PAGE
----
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Version: 0.19

Bonsai on Ethereum

Warning: Bonsai is still in early development. Do not use in production.

Bonsai can produce SNARK proofs; allowing efficient verification of any computation, on Ethereum.

There are two main ways to integrate your RISC Zero application with Ethereum:

  • Using the Bonsai Relay to process proof requests and send verified results on-chain.
  • Using the Bonsai proving service and the verifier contract directly.

Bonsai Relay

The Bonsai Relay is a service makes it simpler to integrate RISC Zero into your applications, leveraging the zk coprocessor model.

At a high level, here's how it works:

Bonsai ETH Relay overview

  1. Your application sends a request to run your zkVM guest to the Bonsai Relay. You can either:
    • Send your request on-chain, by calling requestCallback on the BonsaiRelay contract.
    • Send your request off-chain, by sending a request to the Bonsai Relay REST API.
  2. The Bonsai Relay sends the proof request to the Bonsai proving service.
  3. Bonsai generates a Groth16 SNARK proof of the guest execution, and submits the receipt to the BonsaiRelay contract.
  4. The BonsaiRelay contract:
    1. Verifies the receipt by using an IRiscZeroVerifier contract
    2. Extracts the journal from the verified receipt.
    3. Sends the journal and image ID in a callback to your application contract.

Getting Started

The Bonsai Foundry Template provides a template and instructions for developing your application with the Bonsai Relay. More details are provided below on how to send requests to the Bonsai Relay.

Running the Bonsai Relay

With Bonsai in alpha, every application currently needs to run their own deployment of the Bonsai Relay. Instructions are included in the Bonsai Foundry Template. This involves running a service binary provided by RISC Zero, and deploying the BonsaiRelay contract

Off-chain Requests

The Bonsai Relay accepts requests off-chain using its REST API.

Using the off-chain API allows for including data not available to smart contracts in the EVM, and avoids needing to pay transaction fees on Ethereum to initiate a request. When inputs to your guest program and large (e.g. more than a few kilobytes) sending requests on-chain can be cost-prohibitive, while sending large inputs (e.g. up to tens of megabytes) via the REST API has no additional cost.

The Bonsai Relay SDK provides a Rust interface for interacting with the Bonsai Relay. An example for sending a callback request via the REST API can be found in the relay directory of the Bonsai Foundry Template.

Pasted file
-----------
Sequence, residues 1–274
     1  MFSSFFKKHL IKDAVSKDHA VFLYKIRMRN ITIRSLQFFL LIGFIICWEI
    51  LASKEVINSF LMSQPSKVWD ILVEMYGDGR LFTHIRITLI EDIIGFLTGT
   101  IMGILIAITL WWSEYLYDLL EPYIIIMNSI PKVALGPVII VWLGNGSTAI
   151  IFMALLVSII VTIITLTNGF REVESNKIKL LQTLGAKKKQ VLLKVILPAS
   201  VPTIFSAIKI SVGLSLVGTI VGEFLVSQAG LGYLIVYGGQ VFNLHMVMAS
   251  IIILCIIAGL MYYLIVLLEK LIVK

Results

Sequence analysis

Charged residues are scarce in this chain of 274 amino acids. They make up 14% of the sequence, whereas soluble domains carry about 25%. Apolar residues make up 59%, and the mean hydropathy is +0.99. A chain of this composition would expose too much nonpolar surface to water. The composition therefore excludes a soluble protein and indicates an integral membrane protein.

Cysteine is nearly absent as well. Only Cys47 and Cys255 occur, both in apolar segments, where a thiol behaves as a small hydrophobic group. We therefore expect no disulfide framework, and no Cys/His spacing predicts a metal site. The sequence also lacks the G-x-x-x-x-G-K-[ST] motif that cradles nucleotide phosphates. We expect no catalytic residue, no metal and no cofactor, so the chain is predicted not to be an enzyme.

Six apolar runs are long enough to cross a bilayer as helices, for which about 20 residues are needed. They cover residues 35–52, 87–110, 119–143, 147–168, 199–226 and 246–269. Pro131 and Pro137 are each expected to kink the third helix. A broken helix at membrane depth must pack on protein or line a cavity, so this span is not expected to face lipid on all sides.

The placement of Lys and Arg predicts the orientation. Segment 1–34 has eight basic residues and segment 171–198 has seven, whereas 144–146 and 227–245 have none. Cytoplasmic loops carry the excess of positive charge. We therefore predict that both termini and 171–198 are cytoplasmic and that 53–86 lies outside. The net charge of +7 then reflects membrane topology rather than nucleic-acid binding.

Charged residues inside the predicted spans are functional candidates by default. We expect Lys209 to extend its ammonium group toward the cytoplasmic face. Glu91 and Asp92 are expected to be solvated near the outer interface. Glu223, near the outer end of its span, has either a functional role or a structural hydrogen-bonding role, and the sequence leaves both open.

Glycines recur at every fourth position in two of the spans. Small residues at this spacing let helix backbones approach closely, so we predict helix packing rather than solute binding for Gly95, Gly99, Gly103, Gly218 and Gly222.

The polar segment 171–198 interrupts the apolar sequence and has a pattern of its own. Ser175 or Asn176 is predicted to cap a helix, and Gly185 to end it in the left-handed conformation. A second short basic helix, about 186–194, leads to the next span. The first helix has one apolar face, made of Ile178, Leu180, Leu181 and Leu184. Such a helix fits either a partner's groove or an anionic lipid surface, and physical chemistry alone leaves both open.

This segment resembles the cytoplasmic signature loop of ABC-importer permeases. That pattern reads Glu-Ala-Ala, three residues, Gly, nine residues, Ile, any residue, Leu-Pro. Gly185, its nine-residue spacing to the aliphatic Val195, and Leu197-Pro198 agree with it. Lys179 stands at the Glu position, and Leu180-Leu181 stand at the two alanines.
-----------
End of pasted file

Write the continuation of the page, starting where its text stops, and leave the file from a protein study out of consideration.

On-chain Requests

The Bonsai Relay also accepts requests on-chain using the BonsaiRelay contract.

On-chain requests can be useful for reducing the amount of code you need to maintain. When submitting requests off-chain, some client or indexer needs to be written to assemble the inputs and make the request to the Bonsai Relay. With on-chain requests, the application smart contract can directly issue requests, and so no client or indexer needs to be written or maintained.

An example of sending a request on-chain can be found in the starter contract of the Bonsai Foundry Template.

Verifier Contract

RISC Zero supports an on-chain verifier for Groth16 SNARK proofs generated by the Bonsai proving service. You can use this contract in your applications.

As described above, the Bonsai Relay forwards requests to the Bonsai proving service, and sends proofs on-chain to be verified in the authentication for for the BonsaiRelay contract. An alternative to using the Bonsai Relay is to send requests to the Bonsai proving service directly, and to use the verifier contract in your own application contract.

The verifier contract has the IRiscZeroVerifier interface. This interface defines the relevant data structures for the receipt and provides a verify method.

The IRiscZeroVerifier interface is implemented by the RiscZeroGroth16Verifier contract. While Bonsai is in alpha, you will deploy this contract as part of your application.

The Bonsai SDK provides support for sending requests to the Bonsai proving service. You may also want to check out our Bonsai Quick Start page and/or the Bonsai Overview.